Again, though – the whole blue light blocking thing isn’t actually why I find them so useful, I just happened across all this when I was writing an article for work. Why I find them so useful is that the yellow tinted lenses help to dull everything and I find that there’s far less glare in my eyes. Personally, my eyes hurt a shit-ton when they’re constantly bombarded with bright lights (I like my brightness on everything lower than average) and they get tired a lot quicker, so the tint is really refreshing and stops the attack of the bright lights.

Even if blue light glasses don’t stop long-term, blue-light-enduced-issues (which may or may not be real) they still reduce glare (one of the leading causes of eye-strain)  and give your eyes a break from the harshness of computer screens – which is a win in my book. Plus, reducing blue light really does help you sleep – so using them in the evening is a good idea.

3. Looking into the distance (20/20/20 rule)

I admit, this one sounds weird – but hear me out. The 20/20/20 rule is where every twenty minutes you look at something a minimum of 20 yards away for a minimum of 20 seconds.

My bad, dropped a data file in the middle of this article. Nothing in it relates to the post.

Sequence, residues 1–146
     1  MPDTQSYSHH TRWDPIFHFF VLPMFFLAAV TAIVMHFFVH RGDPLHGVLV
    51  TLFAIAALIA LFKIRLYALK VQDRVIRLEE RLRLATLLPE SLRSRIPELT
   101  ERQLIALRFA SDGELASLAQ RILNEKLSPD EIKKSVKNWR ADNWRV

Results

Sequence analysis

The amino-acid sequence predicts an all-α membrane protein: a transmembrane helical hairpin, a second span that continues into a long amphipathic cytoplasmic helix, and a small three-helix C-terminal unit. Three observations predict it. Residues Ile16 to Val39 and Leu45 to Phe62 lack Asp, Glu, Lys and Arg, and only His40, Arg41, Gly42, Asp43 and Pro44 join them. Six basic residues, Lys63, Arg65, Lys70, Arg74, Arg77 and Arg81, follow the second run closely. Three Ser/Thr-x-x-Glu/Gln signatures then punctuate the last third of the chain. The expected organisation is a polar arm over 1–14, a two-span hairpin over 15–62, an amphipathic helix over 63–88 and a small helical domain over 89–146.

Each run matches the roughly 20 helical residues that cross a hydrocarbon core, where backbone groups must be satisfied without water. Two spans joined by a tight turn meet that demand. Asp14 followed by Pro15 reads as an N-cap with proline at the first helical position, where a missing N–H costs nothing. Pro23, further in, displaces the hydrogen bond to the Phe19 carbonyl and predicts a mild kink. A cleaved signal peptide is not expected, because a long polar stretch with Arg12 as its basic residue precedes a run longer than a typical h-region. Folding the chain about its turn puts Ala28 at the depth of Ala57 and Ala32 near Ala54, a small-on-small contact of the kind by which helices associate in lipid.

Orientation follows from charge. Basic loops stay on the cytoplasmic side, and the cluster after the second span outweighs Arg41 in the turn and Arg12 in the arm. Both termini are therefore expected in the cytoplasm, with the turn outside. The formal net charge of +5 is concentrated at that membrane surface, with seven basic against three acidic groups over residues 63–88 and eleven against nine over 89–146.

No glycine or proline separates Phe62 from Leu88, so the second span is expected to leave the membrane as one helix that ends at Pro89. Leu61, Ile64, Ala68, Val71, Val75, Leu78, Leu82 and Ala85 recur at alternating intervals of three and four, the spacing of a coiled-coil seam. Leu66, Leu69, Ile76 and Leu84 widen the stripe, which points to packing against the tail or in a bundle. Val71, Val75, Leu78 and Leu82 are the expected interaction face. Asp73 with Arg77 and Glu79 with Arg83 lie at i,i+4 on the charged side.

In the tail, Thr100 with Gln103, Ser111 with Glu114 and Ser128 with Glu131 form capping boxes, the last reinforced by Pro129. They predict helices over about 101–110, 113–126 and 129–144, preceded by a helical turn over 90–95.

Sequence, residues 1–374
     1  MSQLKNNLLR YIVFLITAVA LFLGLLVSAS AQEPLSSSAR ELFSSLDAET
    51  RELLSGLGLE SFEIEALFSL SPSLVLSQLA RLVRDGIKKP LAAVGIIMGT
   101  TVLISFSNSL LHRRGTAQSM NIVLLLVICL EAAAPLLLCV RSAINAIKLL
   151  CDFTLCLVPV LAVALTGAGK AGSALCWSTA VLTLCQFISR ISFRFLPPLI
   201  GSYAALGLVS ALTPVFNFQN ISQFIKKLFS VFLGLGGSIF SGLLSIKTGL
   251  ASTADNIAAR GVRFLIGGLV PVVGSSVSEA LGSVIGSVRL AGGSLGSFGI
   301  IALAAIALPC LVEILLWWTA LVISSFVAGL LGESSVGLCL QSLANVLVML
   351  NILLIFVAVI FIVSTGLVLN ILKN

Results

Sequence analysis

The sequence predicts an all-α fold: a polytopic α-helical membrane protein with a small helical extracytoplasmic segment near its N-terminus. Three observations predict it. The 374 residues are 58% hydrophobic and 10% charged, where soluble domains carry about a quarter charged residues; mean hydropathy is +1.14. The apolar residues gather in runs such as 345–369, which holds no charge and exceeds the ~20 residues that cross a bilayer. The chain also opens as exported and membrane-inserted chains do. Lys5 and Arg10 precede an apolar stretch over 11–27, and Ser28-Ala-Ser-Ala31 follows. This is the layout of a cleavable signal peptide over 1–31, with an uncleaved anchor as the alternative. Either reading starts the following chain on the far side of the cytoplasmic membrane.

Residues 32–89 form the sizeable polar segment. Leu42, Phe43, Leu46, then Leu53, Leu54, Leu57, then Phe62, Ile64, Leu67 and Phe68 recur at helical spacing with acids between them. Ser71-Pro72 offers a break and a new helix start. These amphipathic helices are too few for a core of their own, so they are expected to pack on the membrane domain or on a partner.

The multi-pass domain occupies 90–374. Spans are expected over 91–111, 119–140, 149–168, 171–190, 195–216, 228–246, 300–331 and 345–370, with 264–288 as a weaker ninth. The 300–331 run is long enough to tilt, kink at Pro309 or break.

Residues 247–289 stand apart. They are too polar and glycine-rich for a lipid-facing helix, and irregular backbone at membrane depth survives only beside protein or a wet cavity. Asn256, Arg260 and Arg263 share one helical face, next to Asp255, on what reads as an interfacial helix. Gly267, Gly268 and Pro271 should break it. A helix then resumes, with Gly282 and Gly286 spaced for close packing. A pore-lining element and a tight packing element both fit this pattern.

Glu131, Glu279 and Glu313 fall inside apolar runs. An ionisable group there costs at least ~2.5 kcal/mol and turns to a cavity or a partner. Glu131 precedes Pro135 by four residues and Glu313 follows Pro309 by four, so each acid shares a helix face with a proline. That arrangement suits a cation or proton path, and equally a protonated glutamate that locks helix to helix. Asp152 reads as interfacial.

When you’re look at items close to you (reading distance), the ciliary muscles in the eye contract. When you look into the distance, however, your ciliary muscles relax. One of the reasons our eyes get tired is because they have to work harder to focus on items that are close to us, so looking at things that are further away is a good way to give the muscles a break.

4. Eye drops

If you do work on computers a lot, eye drops are also probably a good idea. As I mentioned in the first point, looking at computer screens all day dries out your eyes and that is one of the leading causes for discomfort. Eye drops are a good way to add moisture to dry eyes.

Plus, they’re super cheap and they make your eyes feel amazing after you use them. I recommend these ones; they’re the ones I use.

Optrex Refreshing Eye Drops for Tired Eyes, 10ml

Optrex Eye Drops – Amazon UK – £5.94

Optrex Eyedrops – Amazon US – £3.35

Okay, so I apologise for how boring this post was, but consider it a PSA. I just want you little beans to keep your eyes safe and sound so that they work for most of your life – and, as bloggers, most of our work is behind a screen which may be one of the biggest threats to your eye-health.